BBC's new Micro:bit computer will teach you the basics of electronics
Programming is becoming increasingly popular amongst the next generation of leaders (children) and organizations like code.org and Girls Who Code are leading the way in spreading the message. Currently, we have a ton of online MOOCs about programming as well as SBCs like the Raspberry Pi (learn how to buy the Pi 2 in Malaysia here).
Well, say hello to the Micro:bit which is apparently going to be the next big thing for children to learn how to code. Whilst it is not as powerful as the Raspberry Pi 2 nor does it have a big community like the Arduino, BBC (it's creator) plans to distribute this board to children aged 11 or 12 for free (only in the UK).
As for the board itself, the Micro:bit is more of a sensor board than an actual computer. Built in the board is sensors like a magnetometer and an accelerometer, programmable push buttons and also a 25 LED array. By itself, users will be able to program the board through a web based tool created by Microsoft and for further learning, the BBC Micro:bit can also be plugged to the Raspberry Pi, Arduino and Intel Galileo.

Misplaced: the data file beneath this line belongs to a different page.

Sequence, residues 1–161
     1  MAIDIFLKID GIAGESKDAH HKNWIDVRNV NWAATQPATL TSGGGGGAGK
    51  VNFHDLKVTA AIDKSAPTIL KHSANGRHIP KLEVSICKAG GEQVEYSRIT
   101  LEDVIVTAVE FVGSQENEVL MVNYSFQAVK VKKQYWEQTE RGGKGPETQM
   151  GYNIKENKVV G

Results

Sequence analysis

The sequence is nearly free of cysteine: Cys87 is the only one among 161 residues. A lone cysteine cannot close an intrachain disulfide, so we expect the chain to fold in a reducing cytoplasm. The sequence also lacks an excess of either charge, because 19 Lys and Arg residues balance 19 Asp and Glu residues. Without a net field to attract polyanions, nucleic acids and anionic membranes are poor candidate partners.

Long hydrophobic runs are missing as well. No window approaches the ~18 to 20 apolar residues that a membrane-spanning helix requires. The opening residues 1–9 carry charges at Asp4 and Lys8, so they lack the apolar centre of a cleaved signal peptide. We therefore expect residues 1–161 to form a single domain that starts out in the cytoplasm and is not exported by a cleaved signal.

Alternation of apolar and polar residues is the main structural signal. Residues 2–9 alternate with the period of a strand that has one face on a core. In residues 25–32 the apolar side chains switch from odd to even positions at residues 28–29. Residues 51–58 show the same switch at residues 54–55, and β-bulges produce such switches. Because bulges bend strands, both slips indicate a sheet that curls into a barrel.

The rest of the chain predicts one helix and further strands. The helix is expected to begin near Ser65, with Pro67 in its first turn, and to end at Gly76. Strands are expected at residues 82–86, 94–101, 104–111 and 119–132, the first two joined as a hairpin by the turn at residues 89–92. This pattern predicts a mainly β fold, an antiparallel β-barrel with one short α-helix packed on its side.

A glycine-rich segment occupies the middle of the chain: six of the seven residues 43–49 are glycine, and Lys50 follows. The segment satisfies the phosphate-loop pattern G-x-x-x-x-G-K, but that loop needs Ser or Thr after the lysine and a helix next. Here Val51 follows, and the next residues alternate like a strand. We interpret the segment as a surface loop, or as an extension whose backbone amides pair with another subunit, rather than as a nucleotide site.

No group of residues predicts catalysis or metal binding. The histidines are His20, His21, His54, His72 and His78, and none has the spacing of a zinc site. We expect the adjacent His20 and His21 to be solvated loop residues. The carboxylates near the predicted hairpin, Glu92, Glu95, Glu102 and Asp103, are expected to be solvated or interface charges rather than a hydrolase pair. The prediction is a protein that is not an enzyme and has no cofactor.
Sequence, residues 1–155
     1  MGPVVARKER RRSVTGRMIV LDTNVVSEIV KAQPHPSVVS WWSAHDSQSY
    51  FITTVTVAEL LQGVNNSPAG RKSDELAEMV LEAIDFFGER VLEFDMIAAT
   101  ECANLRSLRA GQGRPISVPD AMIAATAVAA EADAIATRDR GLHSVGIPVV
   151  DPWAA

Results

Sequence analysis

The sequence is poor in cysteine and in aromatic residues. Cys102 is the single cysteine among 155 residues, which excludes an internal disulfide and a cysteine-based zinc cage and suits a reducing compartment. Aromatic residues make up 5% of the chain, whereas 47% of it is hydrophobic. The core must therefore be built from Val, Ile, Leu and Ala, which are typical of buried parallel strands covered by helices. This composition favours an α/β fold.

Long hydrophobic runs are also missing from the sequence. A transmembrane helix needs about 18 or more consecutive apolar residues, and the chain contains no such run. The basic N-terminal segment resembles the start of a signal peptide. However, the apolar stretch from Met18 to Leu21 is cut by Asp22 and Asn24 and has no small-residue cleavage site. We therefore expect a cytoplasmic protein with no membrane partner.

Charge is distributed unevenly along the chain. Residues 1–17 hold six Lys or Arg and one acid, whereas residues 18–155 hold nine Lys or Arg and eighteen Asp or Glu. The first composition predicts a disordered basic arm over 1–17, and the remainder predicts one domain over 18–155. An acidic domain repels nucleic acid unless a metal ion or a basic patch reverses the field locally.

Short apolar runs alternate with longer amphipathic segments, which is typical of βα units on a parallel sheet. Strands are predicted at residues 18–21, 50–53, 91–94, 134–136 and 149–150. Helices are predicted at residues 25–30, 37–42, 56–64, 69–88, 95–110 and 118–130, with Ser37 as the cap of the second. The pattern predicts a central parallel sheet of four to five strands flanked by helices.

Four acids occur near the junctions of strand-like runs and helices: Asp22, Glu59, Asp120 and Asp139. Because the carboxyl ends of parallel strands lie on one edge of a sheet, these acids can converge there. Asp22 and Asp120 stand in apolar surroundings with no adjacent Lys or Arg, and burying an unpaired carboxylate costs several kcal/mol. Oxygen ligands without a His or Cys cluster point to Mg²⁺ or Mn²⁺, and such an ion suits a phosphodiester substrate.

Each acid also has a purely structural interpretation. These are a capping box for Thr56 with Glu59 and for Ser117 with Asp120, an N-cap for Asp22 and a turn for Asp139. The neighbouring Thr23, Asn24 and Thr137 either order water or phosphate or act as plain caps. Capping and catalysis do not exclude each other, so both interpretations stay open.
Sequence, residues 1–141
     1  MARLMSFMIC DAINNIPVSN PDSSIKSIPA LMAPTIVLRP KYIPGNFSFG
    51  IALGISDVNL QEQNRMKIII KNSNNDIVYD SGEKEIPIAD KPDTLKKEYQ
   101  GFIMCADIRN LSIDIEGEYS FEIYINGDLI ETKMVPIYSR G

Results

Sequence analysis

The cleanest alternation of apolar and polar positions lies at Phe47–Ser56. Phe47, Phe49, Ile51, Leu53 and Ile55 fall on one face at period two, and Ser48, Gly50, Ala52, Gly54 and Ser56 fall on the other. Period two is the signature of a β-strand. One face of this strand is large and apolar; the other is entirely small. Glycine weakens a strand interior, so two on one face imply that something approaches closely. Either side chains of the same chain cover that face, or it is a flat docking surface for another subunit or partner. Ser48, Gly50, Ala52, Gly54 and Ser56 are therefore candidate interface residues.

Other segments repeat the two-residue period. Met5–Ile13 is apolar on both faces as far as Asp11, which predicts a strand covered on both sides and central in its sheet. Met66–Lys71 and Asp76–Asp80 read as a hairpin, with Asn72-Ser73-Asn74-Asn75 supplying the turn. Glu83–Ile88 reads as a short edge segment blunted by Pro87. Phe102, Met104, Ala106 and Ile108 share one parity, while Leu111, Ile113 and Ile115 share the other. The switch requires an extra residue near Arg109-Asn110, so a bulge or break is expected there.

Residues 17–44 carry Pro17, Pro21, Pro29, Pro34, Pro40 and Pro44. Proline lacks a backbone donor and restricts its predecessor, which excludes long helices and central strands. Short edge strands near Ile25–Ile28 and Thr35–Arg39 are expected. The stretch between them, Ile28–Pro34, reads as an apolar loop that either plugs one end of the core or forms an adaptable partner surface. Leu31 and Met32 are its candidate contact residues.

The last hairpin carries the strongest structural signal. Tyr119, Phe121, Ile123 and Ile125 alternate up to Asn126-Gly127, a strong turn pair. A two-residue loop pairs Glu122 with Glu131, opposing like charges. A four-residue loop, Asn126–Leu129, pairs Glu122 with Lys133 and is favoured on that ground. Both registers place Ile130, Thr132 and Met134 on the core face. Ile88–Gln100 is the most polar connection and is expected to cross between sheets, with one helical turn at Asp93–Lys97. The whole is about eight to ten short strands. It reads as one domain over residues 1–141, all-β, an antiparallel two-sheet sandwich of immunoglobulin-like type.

Given the size of the board, the Micro:bit will require and external power source from either a microUSB cable or a battery pack with a JST plug.
As i said earlier, BBC plans to give 1 million units of this board for free to children aged 11 or 12 in the UK. Once, they're done with that, BBC will start licensing the design of the Micro:bit to third party vendors and only then will we know how much this tiny board will cost.